The state bird and more than 80 other avian species that breed in Pennsylvania may greatly decrease or disappear from the state due to climate change.
That is according to a national report released by the National Audubon Society this week that foresees a grim future for the country’s bird populations.
“Here in Pennsylvania, for example, our state bird is a ruffed grouse, and that’s not a migratory bird,” said Keith Russell, Urban Important Bird Area Coordinator for Audubon Pennsylvania.
“It can’t move around very easily, and its habitat is predicted to change significantly because of climate, and so that bird will have to move north or else it won’t have areas that it can use,” Russell said.
The red-and-black scarlet tanager, bald eagle, and osprey are three other species at risk due to declining habitat and changing food availability in the region.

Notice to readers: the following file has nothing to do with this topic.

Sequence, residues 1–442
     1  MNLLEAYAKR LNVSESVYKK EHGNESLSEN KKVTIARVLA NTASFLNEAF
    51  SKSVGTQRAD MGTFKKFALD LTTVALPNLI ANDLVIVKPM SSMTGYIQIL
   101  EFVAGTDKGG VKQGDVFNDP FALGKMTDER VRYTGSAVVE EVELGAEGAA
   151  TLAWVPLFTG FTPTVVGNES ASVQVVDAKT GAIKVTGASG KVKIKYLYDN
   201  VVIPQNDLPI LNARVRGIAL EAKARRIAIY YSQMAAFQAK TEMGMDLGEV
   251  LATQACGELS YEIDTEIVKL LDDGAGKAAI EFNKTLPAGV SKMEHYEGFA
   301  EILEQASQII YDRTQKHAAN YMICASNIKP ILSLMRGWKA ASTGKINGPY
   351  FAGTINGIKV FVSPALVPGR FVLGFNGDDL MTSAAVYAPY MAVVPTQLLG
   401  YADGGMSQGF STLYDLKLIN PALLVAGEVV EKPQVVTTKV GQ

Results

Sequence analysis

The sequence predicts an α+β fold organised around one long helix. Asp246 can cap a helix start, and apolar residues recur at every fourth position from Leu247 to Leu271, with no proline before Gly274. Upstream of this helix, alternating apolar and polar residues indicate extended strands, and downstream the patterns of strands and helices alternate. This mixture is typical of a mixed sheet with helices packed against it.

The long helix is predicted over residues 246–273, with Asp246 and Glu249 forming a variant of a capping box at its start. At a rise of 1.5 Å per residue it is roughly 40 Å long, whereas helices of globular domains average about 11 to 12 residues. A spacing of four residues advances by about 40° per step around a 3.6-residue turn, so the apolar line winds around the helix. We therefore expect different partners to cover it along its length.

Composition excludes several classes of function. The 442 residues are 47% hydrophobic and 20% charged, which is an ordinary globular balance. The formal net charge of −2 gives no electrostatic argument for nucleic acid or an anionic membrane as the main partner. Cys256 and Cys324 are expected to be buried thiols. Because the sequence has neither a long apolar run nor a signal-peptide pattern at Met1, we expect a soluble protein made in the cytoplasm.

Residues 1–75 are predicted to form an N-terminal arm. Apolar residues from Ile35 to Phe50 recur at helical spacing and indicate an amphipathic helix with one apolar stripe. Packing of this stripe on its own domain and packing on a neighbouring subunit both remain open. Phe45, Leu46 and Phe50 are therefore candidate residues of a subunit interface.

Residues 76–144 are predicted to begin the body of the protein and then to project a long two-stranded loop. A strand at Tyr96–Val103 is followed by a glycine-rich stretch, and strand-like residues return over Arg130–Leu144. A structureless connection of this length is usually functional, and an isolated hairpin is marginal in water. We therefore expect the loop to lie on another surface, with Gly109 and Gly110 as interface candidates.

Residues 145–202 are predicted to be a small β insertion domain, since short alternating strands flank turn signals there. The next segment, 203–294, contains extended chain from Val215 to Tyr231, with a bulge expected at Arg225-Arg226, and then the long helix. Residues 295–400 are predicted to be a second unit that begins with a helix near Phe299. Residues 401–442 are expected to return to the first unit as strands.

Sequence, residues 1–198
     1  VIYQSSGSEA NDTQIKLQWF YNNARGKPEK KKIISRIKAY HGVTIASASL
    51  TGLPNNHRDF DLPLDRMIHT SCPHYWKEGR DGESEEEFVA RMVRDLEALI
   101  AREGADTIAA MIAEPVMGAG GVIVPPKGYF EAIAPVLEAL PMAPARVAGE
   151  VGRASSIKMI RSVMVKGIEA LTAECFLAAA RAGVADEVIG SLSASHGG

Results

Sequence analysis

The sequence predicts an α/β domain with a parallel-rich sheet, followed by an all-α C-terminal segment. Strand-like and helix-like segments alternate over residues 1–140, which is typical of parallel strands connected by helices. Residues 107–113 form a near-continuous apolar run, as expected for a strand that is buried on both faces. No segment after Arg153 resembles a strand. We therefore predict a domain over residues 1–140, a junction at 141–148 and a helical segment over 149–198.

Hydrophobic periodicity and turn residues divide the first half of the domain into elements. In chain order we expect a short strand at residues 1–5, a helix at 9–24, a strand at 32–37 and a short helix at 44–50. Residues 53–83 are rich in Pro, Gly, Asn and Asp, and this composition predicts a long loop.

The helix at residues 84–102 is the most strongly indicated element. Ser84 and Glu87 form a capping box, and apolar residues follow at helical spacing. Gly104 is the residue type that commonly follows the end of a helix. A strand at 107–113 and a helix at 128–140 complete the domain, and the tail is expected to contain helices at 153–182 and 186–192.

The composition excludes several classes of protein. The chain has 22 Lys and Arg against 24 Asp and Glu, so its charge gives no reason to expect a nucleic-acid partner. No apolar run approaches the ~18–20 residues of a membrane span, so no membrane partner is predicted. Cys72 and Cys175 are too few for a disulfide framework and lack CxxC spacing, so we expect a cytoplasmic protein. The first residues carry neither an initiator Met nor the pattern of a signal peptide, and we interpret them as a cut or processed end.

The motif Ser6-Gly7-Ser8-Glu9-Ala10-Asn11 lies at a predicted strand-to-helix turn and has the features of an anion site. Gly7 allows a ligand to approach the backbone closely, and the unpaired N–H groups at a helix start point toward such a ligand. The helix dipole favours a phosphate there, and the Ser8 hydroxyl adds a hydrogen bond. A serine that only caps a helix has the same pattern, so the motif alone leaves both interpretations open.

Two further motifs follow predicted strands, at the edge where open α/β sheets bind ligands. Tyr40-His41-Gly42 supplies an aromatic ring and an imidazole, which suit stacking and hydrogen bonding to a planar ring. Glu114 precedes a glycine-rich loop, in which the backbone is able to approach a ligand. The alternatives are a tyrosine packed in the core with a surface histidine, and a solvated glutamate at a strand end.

The study used three decades of citizen-science data and greenhouse gas-emissions scenarios to map each bird’s ideal range as the climate changes.
It found that 314 North American bird species will lose more than 50 percent of their current range by 2080.
In New Jersey, climate changes may mean birders will see fewer of their favorite shore birds migrating along the coast each year.
The Jersey Shore is at the confluence of several migration pathways for birds coming from New England, the Ohio River Valley and the Great Lakes region. But rising seas, especially along the Delaware Bayshore, will erode sandy beaches and inundate marshes that birds now use as rest stops on their journeys.
“As birds migrate, they require habitat to rest and refuel,” said David Mizrahi from the New Jersey Audubon Society. “And if those habitats are not there, then they aren’t able to engage in that very important rest and refueling activity.”
Ultimately, Mizrahi said, climate change and associated habitat reduction could have a big impact.
“It would translate into a decline in population,” Mizrahi said.
The national Audubon study classified three Jersey shorebirds — the red knot, semipalmated plover and ruddy turnstone — as “climate endangered.”
That means they may lose more than half of their current territory by midcentury.